“That’s one small step for man, one giant leap for fashion,” isn’t quite what astronaut Neil Armstrong said after his 1969 walk on the moon. But the Space Age, starting with the Soviet Union’s 1957 launch of Sputnik 1 and including the Apollo 11 mission, has had a huge influence on what people have worn on Earth since.
Outer space — representing a new frontier, adventure, endless possibilities and a clean slate — was the perfect fit for a fashion industry increasingly being driven by rebellious young customers bucking tradition and abandoning old dress codes for things that were fresh and new. So, in the 1960s the fashion universe became one of extremes, representing diverse youth movements — with traditional looks colliding with counterculture Space Age, hippie, Carnaby Street, Mod and Beatnik styles.
Designers Pierre Cardin, Andre Courreges and Paco Rabanne began looking to the stars to push the boundaries in their choice of materials and silhouettes, and creations inspired by events such as the moonwalk landed squarely on the catwalk.
Pieces resembling astronaut gear were created, such as jumpsuits, puffer coats, flat boots, and helmet-like hats, and all-white outfits, see-through vinyl dresses, thigh-high skirts, shutter glasses, minimalist, geometric and androgynous looks were everywhere. Models on runways and in magazines resembled aliens or space cadets.
“The French especially were the ones who I think embraced this most obviously,” says Patricia Mears, deputy director of the Museum at FIT in Manhattan and curator of its 2018 exhibit on extreme fashions. “Everybody was caught up in the Cold War thing.”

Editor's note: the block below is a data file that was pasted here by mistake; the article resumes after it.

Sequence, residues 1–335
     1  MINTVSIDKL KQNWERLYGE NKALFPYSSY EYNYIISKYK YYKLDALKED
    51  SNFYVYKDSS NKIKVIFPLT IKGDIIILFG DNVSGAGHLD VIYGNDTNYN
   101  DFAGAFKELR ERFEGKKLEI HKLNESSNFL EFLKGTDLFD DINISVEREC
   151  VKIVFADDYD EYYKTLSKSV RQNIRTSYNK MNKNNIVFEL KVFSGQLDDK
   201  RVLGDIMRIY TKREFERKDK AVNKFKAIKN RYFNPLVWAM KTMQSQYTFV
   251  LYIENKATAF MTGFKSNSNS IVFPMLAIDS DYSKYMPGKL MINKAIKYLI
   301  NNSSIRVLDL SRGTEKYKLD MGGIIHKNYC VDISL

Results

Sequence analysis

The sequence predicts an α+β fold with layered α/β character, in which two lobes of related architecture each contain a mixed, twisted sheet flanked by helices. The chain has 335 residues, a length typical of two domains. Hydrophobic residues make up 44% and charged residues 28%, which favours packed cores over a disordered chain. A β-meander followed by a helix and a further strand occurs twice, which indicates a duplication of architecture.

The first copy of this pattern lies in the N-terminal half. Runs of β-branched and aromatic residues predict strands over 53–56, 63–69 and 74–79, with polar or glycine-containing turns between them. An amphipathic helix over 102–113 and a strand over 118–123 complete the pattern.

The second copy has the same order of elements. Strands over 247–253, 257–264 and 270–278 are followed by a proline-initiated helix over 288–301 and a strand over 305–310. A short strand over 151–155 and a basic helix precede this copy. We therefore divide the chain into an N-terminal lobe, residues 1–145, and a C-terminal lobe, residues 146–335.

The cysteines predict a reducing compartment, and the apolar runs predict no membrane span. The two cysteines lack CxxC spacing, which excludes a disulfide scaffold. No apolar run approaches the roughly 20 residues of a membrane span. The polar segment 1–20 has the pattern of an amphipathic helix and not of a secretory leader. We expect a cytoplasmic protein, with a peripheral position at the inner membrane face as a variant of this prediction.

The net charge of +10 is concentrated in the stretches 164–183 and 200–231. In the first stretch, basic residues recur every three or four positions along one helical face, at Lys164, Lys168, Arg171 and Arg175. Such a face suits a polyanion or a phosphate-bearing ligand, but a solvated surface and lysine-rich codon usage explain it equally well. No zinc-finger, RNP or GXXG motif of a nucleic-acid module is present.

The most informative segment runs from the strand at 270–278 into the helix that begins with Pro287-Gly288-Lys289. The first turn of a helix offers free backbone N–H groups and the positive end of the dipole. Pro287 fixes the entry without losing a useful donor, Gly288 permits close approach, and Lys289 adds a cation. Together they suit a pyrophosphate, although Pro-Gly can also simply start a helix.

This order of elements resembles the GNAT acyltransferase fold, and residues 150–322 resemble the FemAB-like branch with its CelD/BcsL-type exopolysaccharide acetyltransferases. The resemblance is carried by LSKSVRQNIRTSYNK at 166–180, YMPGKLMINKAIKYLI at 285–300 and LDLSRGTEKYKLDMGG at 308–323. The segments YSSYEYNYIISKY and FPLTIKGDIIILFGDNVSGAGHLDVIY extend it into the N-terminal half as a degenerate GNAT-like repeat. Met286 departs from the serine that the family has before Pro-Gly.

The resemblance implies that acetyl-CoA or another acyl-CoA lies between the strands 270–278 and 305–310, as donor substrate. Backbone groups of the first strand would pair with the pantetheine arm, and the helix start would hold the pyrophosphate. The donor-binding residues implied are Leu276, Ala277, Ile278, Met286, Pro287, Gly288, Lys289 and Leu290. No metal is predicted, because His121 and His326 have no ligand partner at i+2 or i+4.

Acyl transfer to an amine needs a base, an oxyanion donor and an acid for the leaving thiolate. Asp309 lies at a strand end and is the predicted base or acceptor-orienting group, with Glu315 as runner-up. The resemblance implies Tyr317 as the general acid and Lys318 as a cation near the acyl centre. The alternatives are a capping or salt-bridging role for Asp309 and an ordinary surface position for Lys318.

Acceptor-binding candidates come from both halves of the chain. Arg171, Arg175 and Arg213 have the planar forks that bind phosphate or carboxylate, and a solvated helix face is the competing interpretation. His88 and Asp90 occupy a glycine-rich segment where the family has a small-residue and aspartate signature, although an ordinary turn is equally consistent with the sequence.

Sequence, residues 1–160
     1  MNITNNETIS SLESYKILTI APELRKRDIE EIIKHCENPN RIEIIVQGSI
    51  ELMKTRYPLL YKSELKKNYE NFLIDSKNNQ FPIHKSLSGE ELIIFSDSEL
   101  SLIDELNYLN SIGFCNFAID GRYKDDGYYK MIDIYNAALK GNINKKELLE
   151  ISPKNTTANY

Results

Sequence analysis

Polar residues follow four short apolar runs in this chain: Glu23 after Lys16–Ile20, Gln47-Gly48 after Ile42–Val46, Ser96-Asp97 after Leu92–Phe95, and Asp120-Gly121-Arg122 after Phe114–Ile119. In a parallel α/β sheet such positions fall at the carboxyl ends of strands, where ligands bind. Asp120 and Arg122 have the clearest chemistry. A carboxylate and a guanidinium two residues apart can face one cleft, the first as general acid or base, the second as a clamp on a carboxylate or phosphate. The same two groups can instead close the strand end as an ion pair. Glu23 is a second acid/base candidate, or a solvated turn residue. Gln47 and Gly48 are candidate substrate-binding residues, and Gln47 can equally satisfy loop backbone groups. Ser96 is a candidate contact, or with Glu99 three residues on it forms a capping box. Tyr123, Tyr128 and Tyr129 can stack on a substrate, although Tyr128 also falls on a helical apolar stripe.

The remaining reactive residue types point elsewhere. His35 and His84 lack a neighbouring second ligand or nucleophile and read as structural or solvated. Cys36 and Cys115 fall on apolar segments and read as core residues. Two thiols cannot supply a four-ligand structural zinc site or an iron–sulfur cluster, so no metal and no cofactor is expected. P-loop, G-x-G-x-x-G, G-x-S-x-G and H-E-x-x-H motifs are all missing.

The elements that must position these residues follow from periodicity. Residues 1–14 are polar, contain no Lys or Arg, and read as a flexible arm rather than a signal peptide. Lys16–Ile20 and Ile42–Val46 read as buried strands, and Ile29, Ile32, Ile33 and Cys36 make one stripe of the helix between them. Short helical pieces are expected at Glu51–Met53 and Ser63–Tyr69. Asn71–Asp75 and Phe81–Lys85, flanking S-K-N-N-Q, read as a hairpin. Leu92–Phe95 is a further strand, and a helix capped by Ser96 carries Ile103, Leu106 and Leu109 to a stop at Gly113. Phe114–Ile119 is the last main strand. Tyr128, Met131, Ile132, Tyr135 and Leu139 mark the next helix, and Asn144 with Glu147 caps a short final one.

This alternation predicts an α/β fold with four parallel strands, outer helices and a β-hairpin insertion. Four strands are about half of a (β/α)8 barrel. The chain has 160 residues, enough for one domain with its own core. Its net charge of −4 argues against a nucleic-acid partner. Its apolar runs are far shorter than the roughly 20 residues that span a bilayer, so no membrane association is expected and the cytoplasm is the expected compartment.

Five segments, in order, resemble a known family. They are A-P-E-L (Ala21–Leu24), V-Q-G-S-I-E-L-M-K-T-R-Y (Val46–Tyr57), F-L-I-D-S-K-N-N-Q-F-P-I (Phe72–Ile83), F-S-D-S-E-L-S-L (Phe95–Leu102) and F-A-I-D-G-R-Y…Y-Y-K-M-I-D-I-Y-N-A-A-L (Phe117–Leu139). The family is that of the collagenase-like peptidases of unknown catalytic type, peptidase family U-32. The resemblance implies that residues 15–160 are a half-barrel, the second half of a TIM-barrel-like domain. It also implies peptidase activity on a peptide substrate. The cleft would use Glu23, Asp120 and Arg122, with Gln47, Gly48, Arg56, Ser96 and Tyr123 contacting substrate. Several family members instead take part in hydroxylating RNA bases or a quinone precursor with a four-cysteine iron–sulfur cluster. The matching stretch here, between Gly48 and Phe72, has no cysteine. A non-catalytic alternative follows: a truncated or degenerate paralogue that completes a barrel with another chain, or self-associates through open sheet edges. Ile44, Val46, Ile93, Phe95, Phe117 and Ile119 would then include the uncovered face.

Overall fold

Mears notes the United States had a long history of ready-to-wear fashions starting with the Civil War, while France specialized in custom-made clothing that was thought of as passé to young people growing up in a world obsessed with the space race and technology.
“In the ‘60s young women didn’t want to wear antiquated, old-fashioned clothes like their mother would wear,” Mears says. She also adds that the British, led by designer Mary Quant (a main figure in the 1960s London-based Mod fashion movement), were now looking for ways to wed the quality of couture with something that not only looked new, but was futuristic.
French designers went far out by adopting “almost a Hollywood version” of futuristic fashion, Mears says. “They used shiny materials, metals, clean looks … taking their cues from space movies like “Barbarella” and “2001: A Space Odyssey.” Rabanne designed some of the Barbarella looks for that film.
Fast forward to today and Space Age-inspired fashion is still sending a galaxy of designers and brands into orbit including Givenchy, Balmain, Rodarte, Armani Prive, Carolina Herrera, Alexander Wang and Thierry Mugler. Some have had collaborations with NASA.
Giancarlo Zanatta, who founded Moon Boot, a snow boot brand started in 1969, has said his inspiration for the shape and technology of the original boot came after watching the Apollo 11 lunar landing and seeing the astronauts’ boots. The Moon Boot became popular in the years after the moon walk and is constructed with a thin rubber outsole and cellular rubber midsole covered by nylon fabrics and using polyurethane foams.